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"André Téchiné's errant mother"

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Emmanuelle Béart • Actress

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- A meeting with the French star of Les Egarés, set in 1940. "I prepared for this role by talking to my grandmother"

Emmanuelle Béart • Actress

A meeting with Emmanuelle Béart who is in Cannes to present her latest film, Les Egarés by André Téchiné. Set in German occupied France in 1940, it is the story of a young widow and her two children fleeing the city to the relative safety of the countryside. A chance encounter with a wild adolescent boy changes her life for ever.

You are the protagonist of André Téchiné’s latest film, Les Egarés. How did you prepare for this story that is based on an historical event?
“I did not prepare by researching history with a capital “h”, just my character. She is a teacher, a professional with ideas and theories about every issue under the sun. She is looking for confirmation while the world is crashing around her. She meets people she would never have met under normal circumstances, and falls in love with people she would never have otherwise loved. My goal was to portray the sentiments of a woman who removes the mask she has always worn when she decides to love a younger man. I forced myself to experience the natural feelings that this type of woman would feel. It became natural for me and if I had not first spoken to the soldier, for example, I would never have embarked on a love affair with the adolescent. I identified with this woman who has lost her life and all the things she is familiar with during the melodramatic exodus.”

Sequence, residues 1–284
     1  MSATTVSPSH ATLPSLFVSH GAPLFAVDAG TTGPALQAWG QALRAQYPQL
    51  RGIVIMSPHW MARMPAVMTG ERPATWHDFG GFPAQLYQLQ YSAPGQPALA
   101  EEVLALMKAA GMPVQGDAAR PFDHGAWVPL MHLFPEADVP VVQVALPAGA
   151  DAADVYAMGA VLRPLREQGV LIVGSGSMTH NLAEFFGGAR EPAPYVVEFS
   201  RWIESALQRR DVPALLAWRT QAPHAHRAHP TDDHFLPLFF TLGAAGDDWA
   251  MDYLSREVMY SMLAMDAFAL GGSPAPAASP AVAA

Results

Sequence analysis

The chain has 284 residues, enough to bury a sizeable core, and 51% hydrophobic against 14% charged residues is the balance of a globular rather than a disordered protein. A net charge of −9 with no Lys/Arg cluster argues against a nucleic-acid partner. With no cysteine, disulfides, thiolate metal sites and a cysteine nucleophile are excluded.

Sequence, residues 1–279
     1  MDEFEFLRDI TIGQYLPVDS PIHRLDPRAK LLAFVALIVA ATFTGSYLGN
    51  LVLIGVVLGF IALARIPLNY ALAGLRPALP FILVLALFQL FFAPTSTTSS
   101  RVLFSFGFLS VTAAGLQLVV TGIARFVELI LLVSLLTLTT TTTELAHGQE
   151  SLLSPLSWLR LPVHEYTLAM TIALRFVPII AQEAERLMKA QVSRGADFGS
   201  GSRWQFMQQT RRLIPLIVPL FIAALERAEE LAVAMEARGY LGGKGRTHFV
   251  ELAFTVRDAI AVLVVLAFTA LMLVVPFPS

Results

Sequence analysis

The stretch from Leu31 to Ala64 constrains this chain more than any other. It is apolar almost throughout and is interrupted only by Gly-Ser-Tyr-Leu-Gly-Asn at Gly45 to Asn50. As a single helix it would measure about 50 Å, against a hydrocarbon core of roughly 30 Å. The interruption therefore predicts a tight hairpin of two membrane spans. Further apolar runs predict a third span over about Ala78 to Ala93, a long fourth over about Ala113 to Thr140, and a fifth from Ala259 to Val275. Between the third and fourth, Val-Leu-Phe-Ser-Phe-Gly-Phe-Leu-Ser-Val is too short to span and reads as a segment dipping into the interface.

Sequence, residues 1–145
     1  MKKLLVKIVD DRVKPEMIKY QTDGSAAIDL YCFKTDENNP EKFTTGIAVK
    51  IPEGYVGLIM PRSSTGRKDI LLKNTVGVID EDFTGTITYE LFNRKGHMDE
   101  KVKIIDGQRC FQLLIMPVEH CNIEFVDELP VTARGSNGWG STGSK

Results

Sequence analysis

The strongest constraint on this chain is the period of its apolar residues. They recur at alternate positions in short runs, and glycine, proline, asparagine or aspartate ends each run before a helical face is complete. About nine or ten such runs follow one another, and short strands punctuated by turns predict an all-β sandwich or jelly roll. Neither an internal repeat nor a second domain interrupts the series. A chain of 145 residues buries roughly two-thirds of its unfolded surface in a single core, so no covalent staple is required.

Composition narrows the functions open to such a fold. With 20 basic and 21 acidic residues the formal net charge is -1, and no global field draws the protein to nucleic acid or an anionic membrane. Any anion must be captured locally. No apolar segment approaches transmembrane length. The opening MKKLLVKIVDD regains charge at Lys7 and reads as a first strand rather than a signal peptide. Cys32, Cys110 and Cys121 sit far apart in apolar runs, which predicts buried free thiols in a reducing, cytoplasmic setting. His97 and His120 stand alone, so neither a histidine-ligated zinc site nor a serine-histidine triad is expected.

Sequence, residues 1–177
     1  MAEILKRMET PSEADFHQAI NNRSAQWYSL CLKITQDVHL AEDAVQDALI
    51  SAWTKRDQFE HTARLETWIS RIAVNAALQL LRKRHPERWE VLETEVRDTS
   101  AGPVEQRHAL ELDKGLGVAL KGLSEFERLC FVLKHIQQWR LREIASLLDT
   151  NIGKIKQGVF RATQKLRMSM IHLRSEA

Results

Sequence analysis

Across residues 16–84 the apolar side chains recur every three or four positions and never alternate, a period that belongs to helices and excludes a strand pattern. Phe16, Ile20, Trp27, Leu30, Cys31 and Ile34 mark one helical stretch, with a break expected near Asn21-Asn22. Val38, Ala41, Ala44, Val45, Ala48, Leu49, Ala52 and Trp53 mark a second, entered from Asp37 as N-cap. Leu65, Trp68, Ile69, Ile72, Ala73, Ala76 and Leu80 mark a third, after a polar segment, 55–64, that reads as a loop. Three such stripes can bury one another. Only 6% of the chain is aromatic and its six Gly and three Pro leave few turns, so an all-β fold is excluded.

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You were born long after the war. So where did you draw your inspiration?
“Not having lived during that time, I obviously have no memories of it. However, my grandmother who is 100, fled from Belgium with my mother who was still a little child. I am so close to my grandmother that I named my daughter after her, Melanie. I talked to her about this film. While we were shooting, I asked her about her experience of leaving Belgium. Thousands of people from northern France, as well as Dutch and Belgians came to the South. My grandmother’s strength emerged in all its formidable force during her journey and I took that for my character in this film.”

This is the first time you play the mother of adolescents. Was it difficult?
“I found it natural, given that my children are almost fully grown and I could easily have had even older ones. André Téchiné and I were in perfect synergy, there was a sort of osmosis passing between us. I allowed him to guide me and find the right tone and accent.”

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